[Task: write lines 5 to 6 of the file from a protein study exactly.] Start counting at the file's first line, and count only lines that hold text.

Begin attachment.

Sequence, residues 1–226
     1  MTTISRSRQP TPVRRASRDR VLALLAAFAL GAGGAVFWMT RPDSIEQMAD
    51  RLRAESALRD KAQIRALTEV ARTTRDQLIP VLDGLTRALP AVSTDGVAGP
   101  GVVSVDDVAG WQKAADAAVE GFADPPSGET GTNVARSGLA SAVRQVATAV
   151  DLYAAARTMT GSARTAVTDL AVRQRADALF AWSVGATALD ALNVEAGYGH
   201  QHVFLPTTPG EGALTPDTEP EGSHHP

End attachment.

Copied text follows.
   151  DLYAAARTMT GSARTAVTDL AVRQRADALF AWSVGATALD ALNVEAGYGH
   201  QHVFLPTTPG EGALTPDTEP EGSHHP